Skip to content

SSH over IPv6

In this guide we will configure SSH on a Raspberry Pi so that it can be reached via IPv6 even from an outside network. This is especially useful if your ISP only grants a Dual-Stack Lite connection.

Raspberry Pi settings

At first we have to enable the Pis IPv6-module by editing the /etc/modules file:

# sudo vim /etc/modules
Add the following line at the end of the file:
ipv6
After a reboot you can check if your Raspberry now has an IPv6 address by calling the statement ip a. To make sure that your SSH client also accepts connections via IPv6 and not only via IPv4, we have to adjust the corresponding config file:
# sudo vim /etc/ssh/sshd_config
Look for a line that begins with AddressFamily and make sure it is not set to inet (IPv4 use only). You can decide if you would like to enable IPv4 and IPv6 connections (by using any), or if you go for IPv6 connections only (inet6). I decided to enable both communication protocols, so that my line looks like this:
AddressFamily any
If you like, you can also disable password authentification for SSH access, this would improve security by forcing clients to use SSH-keys instead. For further instructions on how to setup SSH-keys take a look here. To disable password authentification just set the following line in your sshd_config:
PasswordAuthentication no

Router settings

To make sure your internet router also works with IPv6 DS Lite and that it assigns global IPv6 addresses to your local devices (including your Raspberry Pi), some adjustments might have to be made (Note: These settings depend on the router you use. I'm using an AVM Fritzbox, whose configuration can differ from your router). At first I make sure my router uses a native IPv6-connection instead of IPv4 tunneling for IPv6 connectivity by setting the following in Internet -> Zugangsdaten -> IPv6: Image Afterwards we configure our DHCPv6 server in Netzwerk -> Netzwerkeinstellungen -> IPv6 Adressen, so that it assigns IPv6 addresses from your address range to the devices you are port forwarding, making them directly addressable from the internet: Image The last thing that has to be done is to enable port forwarding for the corresponding SSH port (default port for SSH is 22). Make sure you enable the port forward for IPv6 and choose the TCP protocol. Afterwards you should be able to connect to your Raspberry Pi from the internet via SSH using the following command:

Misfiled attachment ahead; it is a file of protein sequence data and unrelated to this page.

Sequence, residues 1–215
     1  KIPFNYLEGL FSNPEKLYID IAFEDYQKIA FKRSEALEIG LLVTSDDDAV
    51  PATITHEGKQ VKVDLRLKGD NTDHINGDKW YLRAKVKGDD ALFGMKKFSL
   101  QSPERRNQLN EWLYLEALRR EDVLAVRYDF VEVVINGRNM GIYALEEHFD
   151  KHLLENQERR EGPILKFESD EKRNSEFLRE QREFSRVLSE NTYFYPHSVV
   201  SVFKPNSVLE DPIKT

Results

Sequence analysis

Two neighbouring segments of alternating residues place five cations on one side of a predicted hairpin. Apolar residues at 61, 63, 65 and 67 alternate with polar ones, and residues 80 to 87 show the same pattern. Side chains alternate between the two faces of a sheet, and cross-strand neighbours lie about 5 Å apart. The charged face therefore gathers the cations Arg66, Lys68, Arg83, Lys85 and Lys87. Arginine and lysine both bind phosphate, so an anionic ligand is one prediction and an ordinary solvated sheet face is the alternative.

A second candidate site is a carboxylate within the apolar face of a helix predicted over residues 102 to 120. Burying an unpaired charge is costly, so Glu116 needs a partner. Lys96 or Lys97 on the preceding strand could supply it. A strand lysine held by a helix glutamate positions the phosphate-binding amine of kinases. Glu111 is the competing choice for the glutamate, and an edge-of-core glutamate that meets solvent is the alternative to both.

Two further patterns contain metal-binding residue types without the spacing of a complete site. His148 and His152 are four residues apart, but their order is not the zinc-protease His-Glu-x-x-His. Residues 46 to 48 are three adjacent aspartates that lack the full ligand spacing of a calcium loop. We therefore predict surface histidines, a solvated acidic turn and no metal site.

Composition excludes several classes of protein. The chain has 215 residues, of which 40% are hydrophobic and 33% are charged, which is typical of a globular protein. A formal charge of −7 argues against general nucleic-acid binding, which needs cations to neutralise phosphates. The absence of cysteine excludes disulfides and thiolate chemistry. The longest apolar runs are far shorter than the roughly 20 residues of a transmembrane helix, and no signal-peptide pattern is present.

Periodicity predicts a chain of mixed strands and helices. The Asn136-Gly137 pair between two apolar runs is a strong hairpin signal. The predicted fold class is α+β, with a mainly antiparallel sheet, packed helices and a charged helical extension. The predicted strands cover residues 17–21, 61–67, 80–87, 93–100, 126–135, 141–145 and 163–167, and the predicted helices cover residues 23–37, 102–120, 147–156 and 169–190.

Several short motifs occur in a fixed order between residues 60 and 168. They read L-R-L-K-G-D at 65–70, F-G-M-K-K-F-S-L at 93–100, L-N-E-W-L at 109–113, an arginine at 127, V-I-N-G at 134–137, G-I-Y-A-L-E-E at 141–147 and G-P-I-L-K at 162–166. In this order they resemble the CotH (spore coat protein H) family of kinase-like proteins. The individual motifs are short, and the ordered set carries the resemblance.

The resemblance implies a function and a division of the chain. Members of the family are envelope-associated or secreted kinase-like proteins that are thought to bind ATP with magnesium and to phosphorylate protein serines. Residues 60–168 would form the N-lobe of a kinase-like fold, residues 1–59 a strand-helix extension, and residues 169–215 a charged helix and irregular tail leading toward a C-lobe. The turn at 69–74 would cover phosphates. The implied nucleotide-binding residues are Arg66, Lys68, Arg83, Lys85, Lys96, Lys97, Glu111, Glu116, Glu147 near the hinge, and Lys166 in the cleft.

# ssh -6 <user>@<global ipv6>

Configure Dynamic DNS (optional)

By configuring DynDNS you can connect to your Raspberry by using a hostname instead of the complete IPv6 address. I'm using a hostname from dynv6.com as they support IPv6, but of course you are free to choose a different service. After creating a hostname we have to make sure the hostname is always pointing at the current IPv6 address of the Pi. Therefor I wrote a small script based on a script from dynv6.com:

#!/bin/sh -e
hostname=<yourhostname>
device=$2
token=<yourtoken>
file=$HOME/.dynv6.addr6
[ -e $file ] && old=`cat $file`

if [ -z "$netmask" ]; then
    netmask=128
fi

if [ -n "$device" ]; then
    device="dev $device"
fi
address=$(ip -6 addr list scope global $device | grep -v " fd" | sed -n 's/.*inet6 \([0-9a-f:]\+\).*/\1/p' | head -n 1)

if [ -e /usr/bin/curl ]; then
    bin="curl -fsS"
elif [ -e /usr/bin/wget ]; then
    bin="wget -O-"
else
    echo "neither curl nor wget found"
    exit 1
fi

if [ -z "$address" ]; then
    echo "no IPv6 address found"
    exit 1
fi

# address with netmask
current=$address/$netmask

if [ "$old" = "$current" ]; then
    echo "IPv6 address unchanged"
    exit
fi

# send addresses to dynv6
$bin "http://dynv6.com/api/update?hostname=$hostname&ipv6=$current&token=$token"
$bin "http://ipv4.dynv6.com/api/update?hostname=$hostname&ipv4=auto&token=$token"

# save current address
echo $current > $file
This script sends the latest IPv4 and IPv6 address to dynv6 if the adresses have changed, so that your hostname always points to the right direction. I have saved the script in my Raspberry Pis home directory in a file called dynv6.sh. Before we proceed, make sure you can execute the script:
# chmod +x /path/to/dynv6.sh
Now we can configure a cronjob that executes the script every 5 minutes, keeping the hostname updated:
# crontab -e
Now add a line that looks like this:
*/5 * * * * /path/to/dynv6.sh
Now you should be able to connect to your Raspberry by using ssh -6 <user>@<your hostname> instead of your IPv6 address only. You can also use your own subdomain name by configuring a CNAME record pointing to the DynDNS hostname in your DNS configuration.